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Croydon tram derailment: Remembering the victims five years on

Features

On November 9th, 2016, five years ago this week, seven people lost their lives when a tram derailed on its approach to Sandilands. Two of the victims were Crystal Palace supporters Dane Chinnery and Philip Seary, with Philip Logan, Dorota Rynkiewicz, Robert Huxley, Mark Smith and Donald Collett also lost in the incident.

When Palace hosted Manchester City 10 days later, all seven were commemorated by a display in the Lower Holmesdale, a minute’s silence, and applause in the 19th and 57th minutes. To this day, Dane and Phil are fondly remembered by those who knew them, both in and out of the club.

“I was watching When Eagles Dare the other day and Steve Parish says the first thing anybody falls in love with is their football club, and he’s right,” says Tony Chinnery, Dane’s father. “You’ve got to instil that, because clubs like Palace need people like us.”

Talking with Tony makes Dane’s choice of club apparent: he didn’t have one. In fact, he was almost named David as his mother nearly entered early labour on the eve of the ’97 play-off final.

‘If you want to go to the game you can,’ Tony recalls her saying. “I didn’t hear the word ‘can’,” he says, “I just went!”

As Dane grew from having a Palace “baby grow and teddy bear”, he swiftly became enamoured by the club, idolising Attilio Lombardo and Andrew Johnson. Once, aged seven, he won a Nottingham Forest pencil topper at school. ‘You know what you can do with that, don’t you?’ his father asked him. ‘Yeah,’ Dane replied, and threw it in the bin.

Dane’s first away game was a 2-1 League Cup win at the Valley, and when he became a teenager, he and his dad used to follow Palace across England, watching the game before staying overnight with a group of Selhurst regulars.

“Before the incident we played Burnley away and lost in the last minute,” Tony remembers of one such trip, Dane’s last. “There were quite a few of us, about 25, who stayed in Preston overnight. We were in a Yates and basically took it over.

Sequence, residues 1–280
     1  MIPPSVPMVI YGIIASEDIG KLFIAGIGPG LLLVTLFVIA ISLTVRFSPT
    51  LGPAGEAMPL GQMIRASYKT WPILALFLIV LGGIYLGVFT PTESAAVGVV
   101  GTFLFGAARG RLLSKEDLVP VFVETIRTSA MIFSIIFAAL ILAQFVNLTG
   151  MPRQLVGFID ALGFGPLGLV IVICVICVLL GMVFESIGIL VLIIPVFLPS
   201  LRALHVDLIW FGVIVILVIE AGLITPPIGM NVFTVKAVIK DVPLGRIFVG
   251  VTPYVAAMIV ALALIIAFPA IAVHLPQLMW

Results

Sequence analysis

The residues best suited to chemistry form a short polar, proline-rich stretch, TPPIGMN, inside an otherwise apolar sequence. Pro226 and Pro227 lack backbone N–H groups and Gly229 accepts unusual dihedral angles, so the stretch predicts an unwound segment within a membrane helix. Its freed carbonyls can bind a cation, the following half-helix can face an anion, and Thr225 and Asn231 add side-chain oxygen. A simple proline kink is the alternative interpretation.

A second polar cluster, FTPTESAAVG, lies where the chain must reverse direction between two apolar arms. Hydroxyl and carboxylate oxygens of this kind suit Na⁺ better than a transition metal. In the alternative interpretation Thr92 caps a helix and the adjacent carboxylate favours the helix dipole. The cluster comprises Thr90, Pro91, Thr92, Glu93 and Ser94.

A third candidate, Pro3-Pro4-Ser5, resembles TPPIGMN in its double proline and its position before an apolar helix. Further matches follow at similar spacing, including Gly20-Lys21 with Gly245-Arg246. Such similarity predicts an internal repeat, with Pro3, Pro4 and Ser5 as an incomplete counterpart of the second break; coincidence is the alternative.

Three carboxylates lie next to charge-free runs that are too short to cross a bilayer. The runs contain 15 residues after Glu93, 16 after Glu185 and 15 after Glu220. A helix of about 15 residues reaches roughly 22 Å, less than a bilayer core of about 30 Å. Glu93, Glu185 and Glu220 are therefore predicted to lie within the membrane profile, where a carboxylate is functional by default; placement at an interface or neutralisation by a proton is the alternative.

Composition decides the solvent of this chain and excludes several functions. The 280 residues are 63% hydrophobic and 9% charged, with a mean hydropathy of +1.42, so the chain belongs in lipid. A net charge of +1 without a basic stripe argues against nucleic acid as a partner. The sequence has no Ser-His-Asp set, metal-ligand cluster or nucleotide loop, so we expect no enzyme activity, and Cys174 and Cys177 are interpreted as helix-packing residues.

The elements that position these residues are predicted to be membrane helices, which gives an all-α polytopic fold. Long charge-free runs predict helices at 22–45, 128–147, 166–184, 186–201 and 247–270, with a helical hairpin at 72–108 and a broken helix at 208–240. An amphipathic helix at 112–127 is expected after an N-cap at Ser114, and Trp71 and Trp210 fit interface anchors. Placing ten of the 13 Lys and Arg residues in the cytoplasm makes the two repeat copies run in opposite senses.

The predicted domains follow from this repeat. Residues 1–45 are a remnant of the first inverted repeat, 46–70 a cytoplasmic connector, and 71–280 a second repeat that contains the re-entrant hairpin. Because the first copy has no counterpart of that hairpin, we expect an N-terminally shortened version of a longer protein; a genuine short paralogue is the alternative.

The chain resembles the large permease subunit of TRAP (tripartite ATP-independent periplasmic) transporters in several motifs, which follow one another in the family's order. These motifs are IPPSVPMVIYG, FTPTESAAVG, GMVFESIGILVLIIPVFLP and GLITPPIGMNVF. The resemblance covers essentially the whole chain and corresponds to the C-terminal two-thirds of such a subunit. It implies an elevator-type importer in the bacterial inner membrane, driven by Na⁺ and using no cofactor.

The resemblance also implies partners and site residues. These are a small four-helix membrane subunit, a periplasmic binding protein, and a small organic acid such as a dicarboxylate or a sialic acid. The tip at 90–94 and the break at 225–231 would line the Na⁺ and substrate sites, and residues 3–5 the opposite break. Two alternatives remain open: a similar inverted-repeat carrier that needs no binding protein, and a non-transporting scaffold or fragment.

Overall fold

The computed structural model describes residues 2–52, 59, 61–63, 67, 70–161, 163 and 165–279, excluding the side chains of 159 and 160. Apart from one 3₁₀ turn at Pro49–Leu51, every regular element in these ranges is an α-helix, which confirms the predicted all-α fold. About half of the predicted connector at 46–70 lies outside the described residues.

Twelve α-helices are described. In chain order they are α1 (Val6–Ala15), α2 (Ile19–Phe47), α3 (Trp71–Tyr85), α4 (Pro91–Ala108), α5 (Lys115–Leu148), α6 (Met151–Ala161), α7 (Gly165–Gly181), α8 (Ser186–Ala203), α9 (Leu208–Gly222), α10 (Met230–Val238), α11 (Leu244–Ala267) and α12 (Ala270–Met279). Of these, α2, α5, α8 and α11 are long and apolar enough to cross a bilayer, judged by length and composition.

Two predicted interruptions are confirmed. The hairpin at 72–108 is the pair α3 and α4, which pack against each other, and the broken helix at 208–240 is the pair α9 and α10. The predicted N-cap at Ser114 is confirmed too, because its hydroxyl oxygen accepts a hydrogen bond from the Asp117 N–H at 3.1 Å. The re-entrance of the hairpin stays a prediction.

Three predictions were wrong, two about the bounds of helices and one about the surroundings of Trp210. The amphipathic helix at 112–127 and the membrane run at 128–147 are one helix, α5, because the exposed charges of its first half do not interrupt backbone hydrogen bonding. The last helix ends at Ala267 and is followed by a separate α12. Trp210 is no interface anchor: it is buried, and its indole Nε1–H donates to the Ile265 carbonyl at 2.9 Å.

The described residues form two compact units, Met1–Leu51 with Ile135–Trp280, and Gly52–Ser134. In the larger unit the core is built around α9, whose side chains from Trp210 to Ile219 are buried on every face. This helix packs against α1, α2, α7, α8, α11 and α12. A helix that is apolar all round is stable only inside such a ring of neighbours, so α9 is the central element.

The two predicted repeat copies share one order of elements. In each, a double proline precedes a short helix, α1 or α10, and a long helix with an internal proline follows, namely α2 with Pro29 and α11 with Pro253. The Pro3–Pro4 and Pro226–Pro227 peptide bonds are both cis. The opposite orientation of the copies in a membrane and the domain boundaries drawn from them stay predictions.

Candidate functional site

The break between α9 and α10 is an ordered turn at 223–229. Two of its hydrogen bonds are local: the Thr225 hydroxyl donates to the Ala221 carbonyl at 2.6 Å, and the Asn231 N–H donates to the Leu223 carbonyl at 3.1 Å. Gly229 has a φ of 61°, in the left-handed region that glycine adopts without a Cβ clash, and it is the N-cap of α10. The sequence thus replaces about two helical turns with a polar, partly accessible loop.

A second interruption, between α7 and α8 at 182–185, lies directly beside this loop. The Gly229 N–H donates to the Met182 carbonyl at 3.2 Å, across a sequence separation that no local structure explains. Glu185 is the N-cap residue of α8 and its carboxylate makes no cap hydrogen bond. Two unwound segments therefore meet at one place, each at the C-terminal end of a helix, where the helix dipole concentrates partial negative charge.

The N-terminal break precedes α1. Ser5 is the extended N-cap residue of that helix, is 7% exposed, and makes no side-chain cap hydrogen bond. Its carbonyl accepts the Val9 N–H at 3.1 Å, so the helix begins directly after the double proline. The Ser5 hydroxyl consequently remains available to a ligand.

“One of the doormen turned to him and went: ‘What are you lot doing here?’ He said: ‘We’re Palace fans, we’ve been to Burnley.’ The doorman went: ‘But you lost in the last minute,’ and Dane went: ‘Yeah, yeah, I know.’ He said: ‘Jesus Christ. What are you lot like if you win?’

“We came back from Leicester away the same season and came into St Pancras. There was a guy playing the piano, and 50 of us were all dancing around him. We’d lost 3-1. With us and him it was just going and supporting the team. Who cares what the result is?

“The one thing I’m glad about is Dane and my daughter actually saw Palace in a cup final at Wembley... I turned round to him and said: ‘Look, we’re not going to get to cup finals every year. We’re not going to win leagues.’ But he didn’t care about that.

“One of the best days of my life was being at Villa Park in 1990. Walking up Wembley Way with my two kids… blows that out of the water; completely tops that. It absolutely does.

“It’s the build-up, the national anthem, Abide With Me, they got to see that. I’ve been lucky enough to see my club do that twice in my lifetime. Dane saw it once a few months before the incident, and it was one of the best days as a Palace-supporting parent.”

Palace next played just days after Dane lost his life. Supporters volunteered a group of tickets at the front of the Holmesdale for Tony and his family, who wore ‘Dane - 19 - Top Boy’ shirts. The crowd chanted his name.

“It was surreal,” Tony remembers. “Especially to hear them singing his name. You only get that with a player… He was probably up there going: ‘Yeah, that’s me they’re singing about.’”

Tony calls his fellow fans’ support and the club “unbelievable”. People hugged him, gave him shirts from 1997 – the year Dane was born – and Manchester City invited his and Phil’s family to watch the return game in hospitality, something Tony calls “a touch of class”.

He talks passionately and regularly about the community at Palace, how those around him have stood close by, and of the respect shown by fans to those who lost their lives.

“[Football] helped me through the first few days,” Tony says. “Going to the football afterwards, I felt I had to be there for a bit of normality.

“After that it took me a while to get back into going. I’d go, but I’d go with a couple of friends and we wouldn’t go in the Lower Holmesdale, we’d go in the top tier or the Arthur Wait or Main Stand... It did take me a few months and still doesn’t feel right going without him.

“There are bad times, pretty s--- times, but you have to get through it. I’ve got a daughter, I’ve got a step son, I’ve got three grandchildren now. Dane’s missed out on those. He has three nephews he missed out on, one of which we found out my daughter-in-law was pregnant with two weeks after the incident. He’s missed out on a lot.

“Going to football isn’t the same, and it’s never ever going to be the same. But I have to do it.

“Dane and my daughter had no choice but to be Palace fans. It’s what fathers do.”